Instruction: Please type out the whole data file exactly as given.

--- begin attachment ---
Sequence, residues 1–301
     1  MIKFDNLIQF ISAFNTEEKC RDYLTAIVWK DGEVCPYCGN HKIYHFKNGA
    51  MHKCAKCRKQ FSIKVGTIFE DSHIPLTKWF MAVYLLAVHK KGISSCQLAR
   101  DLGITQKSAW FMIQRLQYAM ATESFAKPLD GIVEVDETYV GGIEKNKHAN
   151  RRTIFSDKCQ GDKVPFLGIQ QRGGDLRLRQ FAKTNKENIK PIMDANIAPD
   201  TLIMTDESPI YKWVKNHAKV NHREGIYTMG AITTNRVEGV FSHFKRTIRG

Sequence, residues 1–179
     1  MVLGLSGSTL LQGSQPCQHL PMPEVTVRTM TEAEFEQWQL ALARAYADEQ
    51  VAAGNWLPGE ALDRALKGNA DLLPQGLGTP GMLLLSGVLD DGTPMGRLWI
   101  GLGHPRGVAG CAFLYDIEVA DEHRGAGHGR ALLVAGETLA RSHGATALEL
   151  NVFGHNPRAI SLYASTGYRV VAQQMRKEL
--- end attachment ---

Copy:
Sequence, residues 1–301
     1  MIKFDNLIQF ISAFNTEEKC RDYLTAIVWK DGEVCPYCGN HKIYHFKNGA
    51  MHKCAKCRKQ FSIKVGTIFE DSHIPLTKWF MAVYLLAVHK KGISSCQLAR
   101  DLGITQKSAW FMIQRLQYAM ATESFAKPLD GIVEVDETYV GGIEKNKHAN
   151  RRTIFSDKCQ GDKVPFLGIQ QRGGDLRLRQ FAKTNKENIK PIMDANIAPD
   201  TLIMTDESPI YKWVKNHAKV NHREGIYTMG AITTNRVEGV FSHFKRTIRG

Sequence, residues 1–179
     1  MVLGLSGSTL LQGSQPCQHL PMPEVTVRTM TEAEFEQWQL ALARAYADEQ
    51  VAAGNWLPGE ALDRALKGNA DLLPQGLGTP GMLLLSGVLD DGTPMGRLWI
   101  GLGHPRGVAG CAFLYDIEVA DEHRGAGHGR ALLVAGETLA RSHGATALEL
   151  NVFGHNPRAI SLYASTGYRV VAQQMRKEL